Contemporary Design Of Sustainable Buildings And The Traditional Methods To Building A Sustainable Community

Submitted By Shyakamaxo1
Words: 4211
Pages: 17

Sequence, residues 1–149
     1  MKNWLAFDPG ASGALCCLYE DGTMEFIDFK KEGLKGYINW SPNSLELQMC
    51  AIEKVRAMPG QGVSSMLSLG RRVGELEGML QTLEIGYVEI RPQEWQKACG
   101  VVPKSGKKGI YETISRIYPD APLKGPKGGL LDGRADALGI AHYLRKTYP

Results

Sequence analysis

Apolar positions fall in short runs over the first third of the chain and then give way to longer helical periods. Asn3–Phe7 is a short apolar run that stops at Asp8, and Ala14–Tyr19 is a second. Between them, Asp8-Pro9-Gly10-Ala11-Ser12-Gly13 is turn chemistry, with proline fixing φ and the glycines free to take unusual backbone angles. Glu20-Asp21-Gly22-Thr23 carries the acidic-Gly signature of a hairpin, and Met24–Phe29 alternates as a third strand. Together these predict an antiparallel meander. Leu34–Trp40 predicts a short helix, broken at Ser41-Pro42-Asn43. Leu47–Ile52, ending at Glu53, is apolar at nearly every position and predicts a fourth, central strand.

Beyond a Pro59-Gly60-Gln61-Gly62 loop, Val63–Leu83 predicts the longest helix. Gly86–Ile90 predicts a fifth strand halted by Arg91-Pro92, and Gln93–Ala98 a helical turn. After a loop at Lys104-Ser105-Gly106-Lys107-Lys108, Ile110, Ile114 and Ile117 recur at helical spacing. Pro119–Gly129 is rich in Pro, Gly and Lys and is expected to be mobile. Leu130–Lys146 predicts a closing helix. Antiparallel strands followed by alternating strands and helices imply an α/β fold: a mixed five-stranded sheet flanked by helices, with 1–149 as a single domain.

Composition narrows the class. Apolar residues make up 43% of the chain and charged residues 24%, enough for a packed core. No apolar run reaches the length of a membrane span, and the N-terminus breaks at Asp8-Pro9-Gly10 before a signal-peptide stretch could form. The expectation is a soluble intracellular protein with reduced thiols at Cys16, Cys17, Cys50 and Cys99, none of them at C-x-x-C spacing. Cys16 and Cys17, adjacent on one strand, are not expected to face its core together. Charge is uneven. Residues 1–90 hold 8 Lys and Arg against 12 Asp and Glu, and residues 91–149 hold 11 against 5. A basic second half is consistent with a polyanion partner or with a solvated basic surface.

Introduction For a country to be able to excel economically, it needs to be able to sustain its citizen by providing adequate amount of sustenance, fresh water, and livable environment. To do so we need to come up with a plan on how African communities can use their resources and with the help of recent studies to provide the daily needs of the people such as water, and food, while maintaining a clean environment. What is environmental sustainability? This is a question that has brought many different answers over the years, and as we learned more about our surroundings, we have improved our way of living. A simple definition of sustainability is the ability of a society to conserve an ecological balance by avoiding depletion of its natural resources. Biomimicry architecture, architecture that mimics nature, could be a cheaper alternative to constructing sustainable buildings in rapidly developing countries. The scope of my paper examines contemporary design of sustainable buildings and the traditional methods of African tribes building a sustainable community while highlighting specific designs that incorporate inexpensive yet durable materials. “Biomimicry (from bios, meaning life, and mimesis, meaning to imitate) is a new discipline that studies nature’s best ideas and then imitates these designs and process to solve human problems. Studying a leaf to invent better solar cell is an example. I think of it as ‘innovation inspired by nature’” (Benyus) I. Water and Food First I will start by explaining what Biomimicry is, “Biomimicry (from bios, meaning life, and mimesis, meaning to imitate)” (Benyus) is a new discipline that studies nature's best ideas and then imitates these designs and processes to solve human problems. There are many ways I could approach my topic, but the topics that I will talk about are: the power of shape how we can learn from natural shapes to help us designing buildings, another way is solar transformation it is how species use energy from the sun to warm up during the winter for instance. The last one would be “Ecosystems that grow food and fertility” (Benyus) learn from species on how they adapt to their surroundings in order to provide food for themselves. Why Biomimicry? Nature has the answer; Biomimicry takes nature’s input to improve our way of life. How can architectures build a new sustainable world by learning from nature? Sometimes the design of a building is overshadowed by the more complex technicalities of the building. One of the new ways for designing a sustainable building is to study how species work in their environment and translates that knowledge into design by mimicking those patterns for behavior. In an article written by Michael Pawlyn he gives us one of many examples of how we can use nature to build an efficient building. He also gives us an example of a project that his group had been working on in Sahara, Africa. “Studying pollen grains and radiolaria and carbon molecules helped us devise the most efficient structural solution using hexagons and pentagons.” (Pawlyn). Radiolarias are very small unicellular protozoa that live in the Ocean. Radiolarias are known for their strong skeleton structures that mostly have various hexagonal shapes; but also have a striking resemblance to building structures, which encourages us to learn more about their potential importance to architectural design. Radiolarias skeletal structure is so strong that the rocks formed from the deposits of radiolarias at the bottom of the ocean were once used by Egyptians to build the great pyramids. Just like radiolarias, in building designing we can build structures with bizarre but appealing shapes that would still have a sturdy and lightweight structure. The Eden Project of Cornwall, UK is the largest greenhouse in the world that was inspired by the hexagonal structure of a radiolaria’s skeleton. The Eden Project was built